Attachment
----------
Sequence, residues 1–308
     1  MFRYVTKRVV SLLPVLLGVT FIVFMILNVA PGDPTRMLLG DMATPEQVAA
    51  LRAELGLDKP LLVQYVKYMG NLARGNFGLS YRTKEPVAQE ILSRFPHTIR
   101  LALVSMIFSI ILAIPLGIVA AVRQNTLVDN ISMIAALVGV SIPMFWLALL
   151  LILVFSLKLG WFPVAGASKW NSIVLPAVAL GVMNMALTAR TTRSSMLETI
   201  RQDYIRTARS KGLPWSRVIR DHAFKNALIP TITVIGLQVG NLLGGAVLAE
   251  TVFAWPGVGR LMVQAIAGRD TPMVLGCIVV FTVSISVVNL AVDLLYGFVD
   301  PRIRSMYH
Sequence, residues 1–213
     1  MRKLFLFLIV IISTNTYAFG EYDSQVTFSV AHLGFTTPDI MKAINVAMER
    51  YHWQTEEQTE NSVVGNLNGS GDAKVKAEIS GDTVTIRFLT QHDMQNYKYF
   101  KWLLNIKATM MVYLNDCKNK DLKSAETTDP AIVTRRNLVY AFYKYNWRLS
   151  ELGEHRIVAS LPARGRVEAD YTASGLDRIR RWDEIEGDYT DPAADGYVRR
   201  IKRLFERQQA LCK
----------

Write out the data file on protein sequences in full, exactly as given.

Sequence, residues 1–308
     1  MFRYVTKRVV SLLPVLLGVT FIVFMILNVA PGDPTRMLLG DMATPEQVAA
    51  LRAELGLDKP LLVQYVKYMG NLARGNFGLS YRTKEPVAQE ILSRFPHTIR
   101  LALVSMIFSI ILAIPLGIVA AVRQNTLVDN ISMIAALVGV SIPMFWLALL
   151  LILVFSLKLG WFPVAGASKW NSIVLPAVAL GVMNMALTAR TTRSSMLETI
   201  RQDYIRTARS KGLPWSRVIR DHAFKNALIP TITVIGLQVG NLLGGAVLAE
   251  TVFAWPGVGR LMVQAIAGRD TPMVLGCIVV FTVSISVVNL AVDLLYGFVD
   301  PRIRSMYH
Sequence, residues 1–213
     1  MRKLFLFLIV IISTNTYAFG EYDSQVTFSV AHLGFTTPDI MKAINVAMER
    51  YHWQTEEQTE NSVVGNLNGS GDAKVKAEIS GDTVTIRFLT QHDMQNYKYF
   101  KWLLNIKATM MVYLNDCKNK DLKSAETTDP AIVTRRNLVY AFYKYNWRLS
   151  ELGEHRIVAS LPARGRVEAD YTASGLDRIR RWDEIEGDYT DPAADGYVRR
   201  IKRLFERQQA LCK